Smilers funeral and the Walts

Discussion in 'Current Affairs, News and Analysis' started by sarnian, May 25, 2005.

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  1. Just read in the Torygraph of the last WW1 Cavalryman's funeral. There was a Guard of Honour of 'Re-Enactors' (Walts). I'm in two minds though - they dressed up in all the garb, fired a volley over the fella's grave and provided pallbearers. So are they to be ridiculed, prodded and scorned for being walts, or congratulated for giving an old soldier a poignant send off?

    Answers on a post card.
     
  2. I think the real answer is with his familys wishes.
     
  3. The 'Re-Enactors' are always to be ridiculed, that’s their main purpose in life.
    I’m glad he got a good send off, but why didn’t the army provide the guard of honour and pallbearers?? Surly would could have at least provided a TA company??
     
  4. I think this is in good taste and is to be applauded.

    Re-enactors can provide a respectful link with the past. I would suggest that re-enactment can sometimes be gratuitous, in bad taste or inappropriate - some (perhaps not all) of the German WW2 re-enactors on the Walt thread and more contemporary re-enactors - but I recall seing a WW2 group touring air shows and they were more like a living historical exhibit than re-enactors.

    Like many things, it is a matter of taste and judgement. I would also suggest that the attitude of surviving veterans is the litmus test - if they approve, then it is OK and if they disapprove then it is not. I imagine that in this position, it can be pleasing to see another generation take a respectful interest in one's exploits. Conversely, I imagine it can make the blood boil if carried out disrespectfully or sloppily!
     
  5. Do the Essex Yeomanry (his regiment by all accounts) have a descendant regiment still around and, if so, why did they not provide the pall bearers?
     
  6. There are Walts..Nakajima-san for example or what ever he calls his oriental alter-ego..and there are Walts of Great Worth..like the Khaki Pals and these Vickers MMG Fan Club Wallahs.

    As I am sure we all agree, their contribution to "Smiler's" obsequies were exactly right for this fine old comrade. As were the presence of two terriers and horses which represented his love of field sports and riding. A great huntsman in his time apparently and a true cavalryman judging by his wicked grin in the photo! He probably kept the nurses on their toes up to the end.

    God bless the old fellow and no doubt we'll meet up for a pint of nectar in the Celestial Arms one day...gone awaaay!!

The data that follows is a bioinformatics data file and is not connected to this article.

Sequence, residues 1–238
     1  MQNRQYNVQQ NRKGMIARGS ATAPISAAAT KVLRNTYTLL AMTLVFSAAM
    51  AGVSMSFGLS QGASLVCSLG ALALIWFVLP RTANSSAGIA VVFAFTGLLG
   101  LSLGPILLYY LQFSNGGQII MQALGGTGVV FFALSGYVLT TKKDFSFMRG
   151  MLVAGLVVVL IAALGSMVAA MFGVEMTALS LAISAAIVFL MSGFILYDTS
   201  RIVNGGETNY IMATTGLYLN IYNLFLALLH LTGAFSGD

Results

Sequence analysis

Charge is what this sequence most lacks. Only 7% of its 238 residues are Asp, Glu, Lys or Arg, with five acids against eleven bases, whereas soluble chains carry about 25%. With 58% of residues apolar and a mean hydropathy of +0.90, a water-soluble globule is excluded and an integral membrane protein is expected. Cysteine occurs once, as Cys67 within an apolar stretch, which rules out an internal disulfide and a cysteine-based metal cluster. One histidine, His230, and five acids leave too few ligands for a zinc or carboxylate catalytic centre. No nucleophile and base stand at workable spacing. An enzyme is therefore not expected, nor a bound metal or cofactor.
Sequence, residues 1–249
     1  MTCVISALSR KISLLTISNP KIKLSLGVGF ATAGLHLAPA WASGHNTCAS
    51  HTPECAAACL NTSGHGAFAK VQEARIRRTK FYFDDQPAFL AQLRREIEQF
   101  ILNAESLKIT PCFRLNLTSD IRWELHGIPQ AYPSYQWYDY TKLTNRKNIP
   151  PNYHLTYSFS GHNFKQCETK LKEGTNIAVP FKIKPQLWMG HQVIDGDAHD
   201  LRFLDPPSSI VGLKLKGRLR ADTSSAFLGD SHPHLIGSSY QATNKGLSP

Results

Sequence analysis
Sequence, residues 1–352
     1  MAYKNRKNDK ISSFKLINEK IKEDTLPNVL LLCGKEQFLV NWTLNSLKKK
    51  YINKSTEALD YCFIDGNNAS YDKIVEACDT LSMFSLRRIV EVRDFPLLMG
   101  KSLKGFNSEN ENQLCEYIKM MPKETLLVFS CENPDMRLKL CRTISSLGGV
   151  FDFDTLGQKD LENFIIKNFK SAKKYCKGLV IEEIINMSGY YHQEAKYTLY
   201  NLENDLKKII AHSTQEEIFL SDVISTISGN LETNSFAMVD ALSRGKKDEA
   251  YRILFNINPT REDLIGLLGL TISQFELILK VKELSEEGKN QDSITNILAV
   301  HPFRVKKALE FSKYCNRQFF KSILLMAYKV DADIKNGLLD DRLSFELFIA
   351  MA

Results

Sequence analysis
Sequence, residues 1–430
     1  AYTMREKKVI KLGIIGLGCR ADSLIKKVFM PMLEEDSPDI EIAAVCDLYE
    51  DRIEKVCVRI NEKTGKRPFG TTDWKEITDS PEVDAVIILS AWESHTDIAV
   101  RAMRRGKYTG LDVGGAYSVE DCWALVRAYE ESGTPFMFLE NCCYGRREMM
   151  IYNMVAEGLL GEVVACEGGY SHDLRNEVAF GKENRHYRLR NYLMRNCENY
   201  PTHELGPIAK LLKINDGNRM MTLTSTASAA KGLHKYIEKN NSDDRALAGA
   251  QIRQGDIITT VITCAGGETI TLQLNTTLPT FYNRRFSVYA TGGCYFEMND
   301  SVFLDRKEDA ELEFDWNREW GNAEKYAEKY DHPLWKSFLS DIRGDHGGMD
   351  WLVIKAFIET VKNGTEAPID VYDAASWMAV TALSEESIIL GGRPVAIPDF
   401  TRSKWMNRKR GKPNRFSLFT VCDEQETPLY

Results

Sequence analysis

7. I would take it one step further and buy the walts the kit they require if they are willing [and boy are they willing] to do this sort of thing. Let's face it with the cut backs we cannot afford to have real soldiers do the decent thing. In fact they could do low level guard duties without pay [couldn't be any worse than dummy paras/tanks/ inf they used during the war
     
  8. Well said.
     
  9. I agree with von shot and armourer . Its not our call it was up to the old chaps family . I think perhaps we should leave it at that .
     
  10. Never mind the Walts, that's a red herring...it was Smiler's last hurrah and God speed!
     
  11. the essex yeomanry has a signal squadron descended from it not sure what regiment its in though

    as for the walts if thats what he or his family wanted fair enough
     
  12. Pity the Cav couldn't rustle up a mounted guard or something - given that Smiler was the very last link with all the traditions and heritage they hold dear.
     
  13. Although I agree with Armourer on this I can't help feel saddened that his Regiment or the Regiments ancestors if disbanded couldn't have got together a body of men...

    I know I could be talkign otu of turn and they could well be deployed etc... but surely something could have been done.

    Gone all lumpy throated again
     
  14. Walts or not-an old soldier was laid to rest with dignity and pride. whosoever paid the tribute is not important. He was the last of his kind and the world is a poorer place for his passing. Perhaps next time we pour a stiff one we might raise it to his (and his fellows') memory
     
  15. Couldn't agree more. A bugler from the EY Association played the Last Post for him, mind.